“Sometimes I used it a bit to relax,” she said of her extended shower routine. She would often daydream and lose track of time. “I think I’m probably not the only person in the world” doing that, she added.
Now the Dutch government is trying to get the Noordwijk resident, a 37-year-old executive for an online retailer, and others like her to save some of that hot water and help build the Netherlands’ energy reserves, following Russia’s squeeze on gas supplies in response to Western sanctions for invading Ukraine…
…Thea Derks, a music journalist in Amsterdam, said she has always tried to limit energy usage but has been even more conscious of the need since Russia invaded Ukraine. She takes a shower just once a week and keeps it under five minutes, and the rest of the time just uses a washcloth. Ms. Derks, 58, relies on a bike for transportation but said she doesn’t get sweaty enough to warrant frequent showers, calling them “completely superfluous.”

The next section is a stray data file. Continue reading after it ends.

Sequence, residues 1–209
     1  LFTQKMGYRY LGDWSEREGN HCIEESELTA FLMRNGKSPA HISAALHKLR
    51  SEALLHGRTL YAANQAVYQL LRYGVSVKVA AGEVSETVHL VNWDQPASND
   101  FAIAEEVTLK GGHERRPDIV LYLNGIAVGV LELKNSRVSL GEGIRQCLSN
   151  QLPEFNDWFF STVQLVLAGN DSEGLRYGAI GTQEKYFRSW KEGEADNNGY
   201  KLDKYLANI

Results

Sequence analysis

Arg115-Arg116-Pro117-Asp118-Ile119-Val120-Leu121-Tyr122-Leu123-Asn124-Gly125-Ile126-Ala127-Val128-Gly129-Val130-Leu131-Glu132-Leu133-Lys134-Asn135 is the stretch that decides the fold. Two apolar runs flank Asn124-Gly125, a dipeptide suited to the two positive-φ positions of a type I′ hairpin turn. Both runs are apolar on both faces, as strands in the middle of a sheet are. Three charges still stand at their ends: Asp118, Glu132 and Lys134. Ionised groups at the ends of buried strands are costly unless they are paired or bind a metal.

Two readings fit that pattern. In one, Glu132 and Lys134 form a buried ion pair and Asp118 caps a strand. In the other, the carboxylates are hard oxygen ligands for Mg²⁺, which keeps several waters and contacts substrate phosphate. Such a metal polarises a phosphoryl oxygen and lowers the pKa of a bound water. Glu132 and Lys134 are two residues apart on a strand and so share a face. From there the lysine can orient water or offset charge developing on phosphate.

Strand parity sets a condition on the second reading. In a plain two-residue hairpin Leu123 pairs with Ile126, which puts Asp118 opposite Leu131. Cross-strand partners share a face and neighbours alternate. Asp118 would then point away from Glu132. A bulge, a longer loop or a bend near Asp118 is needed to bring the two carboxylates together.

While many Dutch are setting timers, etc., making an effort to help out during this rough patch (Ms. Generaal seems to have broken her timer, but moderated her behavior in any event), there’s also another impetus at work: astronomical household energy bills. The average Dutch home has experienced darn near a quadrupling of their energy expenditures. It’s starting to look as if the search for “warm” is fast becoming the Holy Grail for Europe.
…Dutch households’ energy cost jumped to an average €503 in August from €142 in August of 2021, according to Hans de Kok, the CEO of price-comparison website Pricewise. It could get worse, with Russia having halted gas flow to Europe through a major pipeline last week.